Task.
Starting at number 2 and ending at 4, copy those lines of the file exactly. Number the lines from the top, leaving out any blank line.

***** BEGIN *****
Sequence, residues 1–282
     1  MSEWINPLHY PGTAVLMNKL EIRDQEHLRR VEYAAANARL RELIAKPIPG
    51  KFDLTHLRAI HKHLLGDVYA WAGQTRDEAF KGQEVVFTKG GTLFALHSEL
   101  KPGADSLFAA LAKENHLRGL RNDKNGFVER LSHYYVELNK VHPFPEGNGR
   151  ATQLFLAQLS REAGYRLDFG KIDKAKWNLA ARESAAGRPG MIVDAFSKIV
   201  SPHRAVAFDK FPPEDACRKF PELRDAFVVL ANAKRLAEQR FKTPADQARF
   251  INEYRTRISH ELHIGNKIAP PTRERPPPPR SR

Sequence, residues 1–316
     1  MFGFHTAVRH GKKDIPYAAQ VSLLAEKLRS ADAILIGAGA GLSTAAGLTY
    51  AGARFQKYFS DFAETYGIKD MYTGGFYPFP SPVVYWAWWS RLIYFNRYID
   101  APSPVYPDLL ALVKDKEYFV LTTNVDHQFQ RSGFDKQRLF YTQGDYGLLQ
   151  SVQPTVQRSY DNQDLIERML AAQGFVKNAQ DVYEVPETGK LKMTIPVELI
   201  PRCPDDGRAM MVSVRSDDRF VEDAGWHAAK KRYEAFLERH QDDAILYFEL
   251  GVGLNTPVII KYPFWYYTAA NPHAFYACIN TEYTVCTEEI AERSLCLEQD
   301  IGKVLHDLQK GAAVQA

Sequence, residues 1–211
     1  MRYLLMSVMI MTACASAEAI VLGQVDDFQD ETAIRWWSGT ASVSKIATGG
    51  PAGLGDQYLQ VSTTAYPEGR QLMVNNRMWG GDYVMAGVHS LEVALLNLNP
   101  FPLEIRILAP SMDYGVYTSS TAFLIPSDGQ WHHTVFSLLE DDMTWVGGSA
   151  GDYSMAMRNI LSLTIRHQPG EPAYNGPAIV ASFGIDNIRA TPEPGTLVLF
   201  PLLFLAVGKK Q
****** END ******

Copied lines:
     1  MSEWINPLHY PGTAVLMNKL EIRDQEHLRR VEYAAANARL RELIAKPIPG
    51  KFDLTHLRAI HKHLLGDVYA WAGQTRDEAF KGQEVVFTKG GTLFALHSEL
   101  KPGADSLFAA LAKENHLRGL RNDKNGFVER LSHYYVELNK VHPFPEGNGR